Figure 5 presents the overall architecture of our test framework for LSTMs. Given the LSTM network , a training dataset , an oracle (Section V), the test metric (Section IV), and a mutation method (Section VI), it first selects a set of seed inputs, and then the test case generation method in Algorithm 1 is applied to generate a test suite. The test generation terminates when certain level of coverage rate has been satisfied or certain number of test cases have been generated. We can then evaluate : (1) by considering oracle, we obtain the information about adversarial example; (2) by considering test metric, we obtain the coverage rate. Practically, the adversarial example can be used for data-augmentation. Given that this is a method well explored in other works such as [39], we did not pursue this direction in the paper. The coverage rate is used to determine if the test suite is adequately tested.

Viii Experimental Results

This section presents our experimental results on several typical LSTM networks. We evaluate the effectiveness of coverage-guided LSTM testing using adversarial examples as a proxy, we compare different metrics and show their complementary in guiding test case generation, and we utilise the generated test cases to access and understand the the LSTM internal mechanism. All the experiments are run on a CPU sever with Intel(R) Xeon(R) CPU E5-2603 v4 @ 1.70 GHz, 64 GB Memory.

Viii-a LSTM Models

In the experiments, we consider the use of LSTM networks in different domains, including a network trained on MNIST dataset for image classification, a network trained on an IMDB review dataset for sentiment analysis, and a network trained on a Lipophilicity dataset for molecular machine learning.

MNIST Handwritten Digits Analysis by LSTM

The MNIST database, containing a set of

grey-scale images of size , is used to train a HNN model with 4 layers. Figure 6

depicts its structure. The first two layers are LSTM layers, which are correspondingly connected and fed with rows of input images. That is, each input image is encoded as the row vector of shape (28,128) by the first LSTM layer, and then second layer will do further processing to output a image vector representing the whole image. Finally, two fully-connected layers with ReLU and SoftMax activation functions respectively, are used to process the extracted feature information to get the classification result. The model achieves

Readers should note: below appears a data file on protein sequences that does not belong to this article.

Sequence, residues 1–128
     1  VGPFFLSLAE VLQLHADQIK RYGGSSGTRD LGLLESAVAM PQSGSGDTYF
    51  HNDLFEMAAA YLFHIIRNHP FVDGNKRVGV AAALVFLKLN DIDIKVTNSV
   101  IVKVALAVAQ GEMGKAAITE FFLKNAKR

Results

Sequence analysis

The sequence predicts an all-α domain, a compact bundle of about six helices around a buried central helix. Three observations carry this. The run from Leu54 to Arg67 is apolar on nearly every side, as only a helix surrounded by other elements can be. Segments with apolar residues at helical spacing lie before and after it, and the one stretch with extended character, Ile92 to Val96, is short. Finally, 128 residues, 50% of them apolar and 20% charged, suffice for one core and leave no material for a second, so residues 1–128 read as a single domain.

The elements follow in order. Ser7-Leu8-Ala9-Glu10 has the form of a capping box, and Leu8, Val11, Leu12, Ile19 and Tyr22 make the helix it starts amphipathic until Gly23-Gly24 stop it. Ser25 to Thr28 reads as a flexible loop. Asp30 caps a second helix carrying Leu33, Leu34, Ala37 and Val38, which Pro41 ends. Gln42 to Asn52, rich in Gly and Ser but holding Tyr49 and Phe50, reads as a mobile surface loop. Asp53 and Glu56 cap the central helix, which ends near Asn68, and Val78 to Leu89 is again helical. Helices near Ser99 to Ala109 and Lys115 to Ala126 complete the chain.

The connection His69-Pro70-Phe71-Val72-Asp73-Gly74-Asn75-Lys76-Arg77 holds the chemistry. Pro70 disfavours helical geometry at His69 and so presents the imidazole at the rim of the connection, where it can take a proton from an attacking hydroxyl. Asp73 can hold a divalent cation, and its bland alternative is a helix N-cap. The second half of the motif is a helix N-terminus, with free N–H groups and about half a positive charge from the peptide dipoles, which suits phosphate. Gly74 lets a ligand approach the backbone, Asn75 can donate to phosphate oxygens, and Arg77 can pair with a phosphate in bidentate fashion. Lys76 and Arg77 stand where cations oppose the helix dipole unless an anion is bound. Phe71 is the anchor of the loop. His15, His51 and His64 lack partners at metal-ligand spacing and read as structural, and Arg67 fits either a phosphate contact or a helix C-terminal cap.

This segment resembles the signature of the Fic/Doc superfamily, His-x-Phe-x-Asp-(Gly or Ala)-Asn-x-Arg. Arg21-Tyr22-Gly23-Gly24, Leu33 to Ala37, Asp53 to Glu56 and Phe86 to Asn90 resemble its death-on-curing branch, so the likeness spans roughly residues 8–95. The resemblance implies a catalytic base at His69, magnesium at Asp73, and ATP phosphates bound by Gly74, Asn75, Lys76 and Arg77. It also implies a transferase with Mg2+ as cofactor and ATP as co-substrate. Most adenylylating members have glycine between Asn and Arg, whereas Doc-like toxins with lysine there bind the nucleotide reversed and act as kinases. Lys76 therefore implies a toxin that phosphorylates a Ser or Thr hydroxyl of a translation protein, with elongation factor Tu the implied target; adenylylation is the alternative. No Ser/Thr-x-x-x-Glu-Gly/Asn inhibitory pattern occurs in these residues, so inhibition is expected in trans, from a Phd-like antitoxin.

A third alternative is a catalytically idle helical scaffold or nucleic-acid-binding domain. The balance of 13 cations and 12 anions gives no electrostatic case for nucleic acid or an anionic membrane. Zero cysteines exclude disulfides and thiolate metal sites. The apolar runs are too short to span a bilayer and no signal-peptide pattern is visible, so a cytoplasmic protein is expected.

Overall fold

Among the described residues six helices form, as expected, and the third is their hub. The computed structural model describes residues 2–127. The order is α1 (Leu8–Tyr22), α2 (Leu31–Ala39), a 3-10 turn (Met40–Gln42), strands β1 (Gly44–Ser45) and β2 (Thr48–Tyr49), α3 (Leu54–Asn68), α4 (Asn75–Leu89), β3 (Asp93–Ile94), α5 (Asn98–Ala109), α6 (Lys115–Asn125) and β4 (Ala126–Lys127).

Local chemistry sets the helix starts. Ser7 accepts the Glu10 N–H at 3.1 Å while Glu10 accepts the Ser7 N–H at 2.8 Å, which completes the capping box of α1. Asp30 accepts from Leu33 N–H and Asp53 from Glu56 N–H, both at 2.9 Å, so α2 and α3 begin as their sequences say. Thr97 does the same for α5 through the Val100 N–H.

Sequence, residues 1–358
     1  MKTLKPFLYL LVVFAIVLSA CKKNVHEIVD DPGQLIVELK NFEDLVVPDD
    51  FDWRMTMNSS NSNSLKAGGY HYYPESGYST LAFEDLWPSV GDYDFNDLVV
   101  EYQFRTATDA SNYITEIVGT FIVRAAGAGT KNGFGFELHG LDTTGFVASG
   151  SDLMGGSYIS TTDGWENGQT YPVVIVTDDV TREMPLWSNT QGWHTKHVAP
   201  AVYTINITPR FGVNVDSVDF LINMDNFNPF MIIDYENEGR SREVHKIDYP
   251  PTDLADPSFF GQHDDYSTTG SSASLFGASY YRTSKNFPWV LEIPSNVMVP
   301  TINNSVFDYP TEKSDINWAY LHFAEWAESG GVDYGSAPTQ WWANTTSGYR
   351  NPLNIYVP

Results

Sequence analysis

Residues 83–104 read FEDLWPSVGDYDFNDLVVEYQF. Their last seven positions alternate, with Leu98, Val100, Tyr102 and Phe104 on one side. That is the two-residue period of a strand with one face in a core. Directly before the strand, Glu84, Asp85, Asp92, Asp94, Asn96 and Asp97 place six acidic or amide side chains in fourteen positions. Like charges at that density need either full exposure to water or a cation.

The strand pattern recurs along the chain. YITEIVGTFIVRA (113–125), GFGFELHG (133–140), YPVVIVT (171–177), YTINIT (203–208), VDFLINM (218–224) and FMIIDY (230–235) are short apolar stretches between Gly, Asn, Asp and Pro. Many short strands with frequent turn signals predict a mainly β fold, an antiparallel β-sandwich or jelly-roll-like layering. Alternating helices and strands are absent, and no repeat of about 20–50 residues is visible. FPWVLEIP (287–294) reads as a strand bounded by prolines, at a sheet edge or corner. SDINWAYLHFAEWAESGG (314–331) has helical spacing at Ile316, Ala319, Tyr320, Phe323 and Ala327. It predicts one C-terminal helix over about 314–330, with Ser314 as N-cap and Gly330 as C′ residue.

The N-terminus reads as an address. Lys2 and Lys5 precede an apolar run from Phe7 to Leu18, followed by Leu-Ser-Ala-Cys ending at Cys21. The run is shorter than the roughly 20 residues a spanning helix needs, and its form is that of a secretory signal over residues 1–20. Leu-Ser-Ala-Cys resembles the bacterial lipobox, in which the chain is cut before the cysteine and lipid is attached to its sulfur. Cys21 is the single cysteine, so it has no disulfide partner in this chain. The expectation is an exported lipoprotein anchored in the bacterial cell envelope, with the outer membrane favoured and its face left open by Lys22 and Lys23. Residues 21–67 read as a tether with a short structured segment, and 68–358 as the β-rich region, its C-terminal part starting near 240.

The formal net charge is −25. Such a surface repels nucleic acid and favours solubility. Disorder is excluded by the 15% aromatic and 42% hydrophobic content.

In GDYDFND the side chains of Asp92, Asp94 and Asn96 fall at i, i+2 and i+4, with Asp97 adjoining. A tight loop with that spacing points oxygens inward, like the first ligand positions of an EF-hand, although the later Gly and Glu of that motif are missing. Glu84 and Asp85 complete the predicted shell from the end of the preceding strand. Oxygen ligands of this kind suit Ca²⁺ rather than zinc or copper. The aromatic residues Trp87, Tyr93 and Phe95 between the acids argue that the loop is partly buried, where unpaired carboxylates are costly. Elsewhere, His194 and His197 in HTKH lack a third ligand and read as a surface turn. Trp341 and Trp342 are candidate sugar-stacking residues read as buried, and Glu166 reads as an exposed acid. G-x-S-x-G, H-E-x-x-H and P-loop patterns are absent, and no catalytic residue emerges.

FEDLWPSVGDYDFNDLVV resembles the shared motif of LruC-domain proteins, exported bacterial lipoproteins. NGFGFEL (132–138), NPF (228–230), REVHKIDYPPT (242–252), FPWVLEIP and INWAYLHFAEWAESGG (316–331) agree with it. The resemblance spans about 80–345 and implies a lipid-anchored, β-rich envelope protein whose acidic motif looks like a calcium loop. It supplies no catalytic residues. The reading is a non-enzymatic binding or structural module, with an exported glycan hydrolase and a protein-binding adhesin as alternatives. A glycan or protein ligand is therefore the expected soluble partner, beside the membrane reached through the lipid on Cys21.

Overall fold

accuracy in training dataset ( samples) and accuracy in the default MNIST test dataset ( samples).

Fig. 6: An illustration of an LSTM network trained on MNIST database.
Sentiment Analysis by LSTM

The sentiment analysis network [36] has three layers, i.e., an embedding layer, an LSTM layer, and a fully-connected layer, with trainable parameters. The embedding layer takes as input a vector of length 500 and outputs a matrix, which is then fed into the LSTM layer. Subsequently, there is a fully-connected layer of 100 neurons.

Lipophilicity Analysis by LSTM

We trained an LSTM network from a Lipophilicity dataset downloaded from the MoleculeNet [46]. The model has four layers: an embedding layer, an LSTM layer, a dropout layer, and a fully connected layer. The input is a SMILES string (Figure 8

) representing a molecular structure and the output is its prediction of Lipophilicity. A dictionary is used to map the symbols in the SMILES string to integers. We use the length of the longest SMILES in training dataset as the number of cells for the LSTM layer. Similar to text processing in the IMDB model, short SMILES inputs are padded with 0s to the left side. We use the root mean square error (RMSE) as the measurement of model accuracy. Our model is trained up to RMSE = 0.2371 in training dataset and RMSE = 0.6278 in test dataset, which are better than the traditional and convolutional methods used in

[46].

Viii-B Experimental Setting